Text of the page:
The EU requires businesses to be accountable for their environmental impact, and similar metrics will be mandated in Australia shortly.

Being mindful of these impending changes, we must join the conversation, become informed, and adjust our business models accordingly.

Moving towards B Corp Certification

The panel then shared an understanding of becoming B Corp Certified, an externally measured series of metrics that assesses the impact on People, Place, Environment and legacy.

B Corp Certification indicates that a business meets high standards of verified performance, accountability, and transparency on factors from employee benefits and charitable giving to supply chain practices and input materials. To achieve certification, a company must:

  • Demonstrate high social and environmental performance by achieving a B Impact Assessment score of 80 or above and passing our risk review. Multinational corporations must also meet baseline requirement standards.
  • Make a legal commitment by changing their corporate governance structure to be accountable to all stakeholders, not just shareholders, and achieve benefit corporation status if available in their jurisdiction.
  • Exhibit transparency by publicly making information about their performance measured against B Lab’s standards available on their B Corp profile on B Lab’s website.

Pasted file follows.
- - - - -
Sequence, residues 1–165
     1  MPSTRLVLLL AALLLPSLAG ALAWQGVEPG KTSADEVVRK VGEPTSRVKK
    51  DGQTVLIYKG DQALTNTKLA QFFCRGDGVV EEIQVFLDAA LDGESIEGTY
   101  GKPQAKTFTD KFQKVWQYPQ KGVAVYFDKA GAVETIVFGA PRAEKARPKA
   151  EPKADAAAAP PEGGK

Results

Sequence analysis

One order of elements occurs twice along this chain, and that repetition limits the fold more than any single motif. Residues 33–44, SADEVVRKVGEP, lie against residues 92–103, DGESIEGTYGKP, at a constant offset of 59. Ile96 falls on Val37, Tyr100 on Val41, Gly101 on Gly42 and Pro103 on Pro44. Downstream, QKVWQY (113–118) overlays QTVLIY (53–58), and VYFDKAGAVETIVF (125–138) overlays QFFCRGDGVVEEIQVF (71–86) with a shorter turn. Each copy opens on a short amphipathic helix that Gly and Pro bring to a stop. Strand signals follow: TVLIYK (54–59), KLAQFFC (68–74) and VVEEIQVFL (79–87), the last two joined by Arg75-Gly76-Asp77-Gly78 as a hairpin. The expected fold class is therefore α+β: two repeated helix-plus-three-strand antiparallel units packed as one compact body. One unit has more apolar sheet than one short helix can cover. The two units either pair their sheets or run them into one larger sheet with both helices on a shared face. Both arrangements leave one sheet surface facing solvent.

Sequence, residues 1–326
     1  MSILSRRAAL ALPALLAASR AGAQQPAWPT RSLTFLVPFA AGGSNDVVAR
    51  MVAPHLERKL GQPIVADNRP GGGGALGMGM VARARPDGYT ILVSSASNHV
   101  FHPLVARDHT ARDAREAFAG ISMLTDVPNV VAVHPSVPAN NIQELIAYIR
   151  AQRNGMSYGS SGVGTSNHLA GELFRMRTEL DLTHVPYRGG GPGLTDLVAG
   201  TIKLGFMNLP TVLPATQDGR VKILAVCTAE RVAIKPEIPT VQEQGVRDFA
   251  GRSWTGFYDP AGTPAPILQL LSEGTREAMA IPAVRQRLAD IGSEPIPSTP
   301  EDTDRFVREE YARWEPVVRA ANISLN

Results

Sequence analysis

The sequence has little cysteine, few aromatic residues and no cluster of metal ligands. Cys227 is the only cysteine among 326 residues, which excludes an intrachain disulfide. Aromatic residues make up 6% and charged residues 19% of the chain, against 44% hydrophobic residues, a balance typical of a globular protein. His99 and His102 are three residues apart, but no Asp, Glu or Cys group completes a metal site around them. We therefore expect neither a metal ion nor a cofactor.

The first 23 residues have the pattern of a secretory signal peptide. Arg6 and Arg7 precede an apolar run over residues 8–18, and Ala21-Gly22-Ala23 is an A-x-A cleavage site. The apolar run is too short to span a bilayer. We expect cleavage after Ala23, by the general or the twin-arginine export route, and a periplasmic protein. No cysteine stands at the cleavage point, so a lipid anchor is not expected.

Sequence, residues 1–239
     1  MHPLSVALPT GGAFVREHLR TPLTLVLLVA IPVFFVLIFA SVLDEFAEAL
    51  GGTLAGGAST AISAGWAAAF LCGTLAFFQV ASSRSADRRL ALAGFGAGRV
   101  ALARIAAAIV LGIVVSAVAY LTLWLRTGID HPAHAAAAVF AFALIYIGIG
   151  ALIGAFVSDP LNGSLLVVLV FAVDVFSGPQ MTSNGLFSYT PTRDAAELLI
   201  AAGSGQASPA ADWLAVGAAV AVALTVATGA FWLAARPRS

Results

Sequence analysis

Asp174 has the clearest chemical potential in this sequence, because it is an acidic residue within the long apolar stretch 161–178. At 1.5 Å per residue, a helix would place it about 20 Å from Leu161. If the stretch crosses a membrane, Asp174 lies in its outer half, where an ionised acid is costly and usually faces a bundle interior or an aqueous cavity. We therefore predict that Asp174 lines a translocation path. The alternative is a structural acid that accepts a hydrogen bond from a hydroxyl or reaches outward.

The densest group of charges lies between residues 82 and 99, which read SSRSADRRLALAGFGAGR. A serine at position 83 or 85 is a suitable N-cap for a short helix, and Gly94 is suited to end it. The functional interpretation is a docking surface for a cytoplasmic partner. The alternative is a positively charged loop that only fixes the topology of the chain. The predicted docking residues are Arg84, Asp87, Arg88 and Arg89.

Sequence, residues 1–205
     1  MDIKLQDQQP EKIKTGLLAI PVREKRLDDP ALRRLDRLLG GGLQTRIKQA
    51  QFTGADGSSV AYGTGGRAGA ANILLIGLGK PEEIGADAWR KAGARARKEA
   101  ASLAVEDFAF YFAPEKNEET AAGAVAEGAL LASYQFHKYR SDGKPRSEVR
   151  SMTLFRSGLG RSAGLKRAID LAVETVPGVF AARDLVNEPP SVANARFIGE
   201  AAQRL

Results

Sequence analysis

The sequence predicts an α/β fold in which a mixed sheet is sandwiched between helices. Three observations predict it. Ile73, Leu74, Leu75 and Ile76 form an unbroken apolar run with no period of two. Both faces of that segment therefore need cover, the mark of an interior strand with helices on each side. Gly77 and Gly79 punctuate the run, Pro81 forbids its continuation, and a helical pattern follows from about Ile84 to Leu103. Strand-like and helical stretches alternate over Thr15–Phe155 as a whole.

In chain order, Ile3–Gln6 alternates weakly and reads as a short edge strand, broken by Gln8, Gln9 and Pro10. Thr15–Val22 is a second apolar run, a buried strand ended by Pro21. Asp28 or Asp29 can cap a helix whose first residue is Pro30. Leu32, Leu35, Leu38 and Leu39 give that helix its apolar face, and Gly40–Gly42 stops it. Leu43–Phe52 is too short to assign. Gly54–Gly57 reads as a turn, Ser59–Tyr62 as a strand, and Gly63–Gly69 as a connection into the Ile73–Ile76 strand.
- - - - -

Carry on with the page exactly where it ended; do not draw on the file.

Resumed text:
Collaborative Efforts and Future Initiatives

We concluded with a call to action for more support from the ADA’s members and partners in understanding and promoting the need for circular thinking. 

It highlighted the collaborative efforts in promoting sustainable and authentic design practices, with upcoming ADA-led events throughout the year to discuss the various facets of authentic design and sustainability. across different cities.

Who is this for?

Anyone passionate about creating a more sustainable and authentic future in the furnishing and interiors sector. 

designers, makers, manufacturers, importers, distributors, retailers, architects and interior designers, building industry professionals, students,  and the design-loving public

Sign up for future Sessions :

Pre-release list //Remember to tell us which events interest you, or contact us via the form below.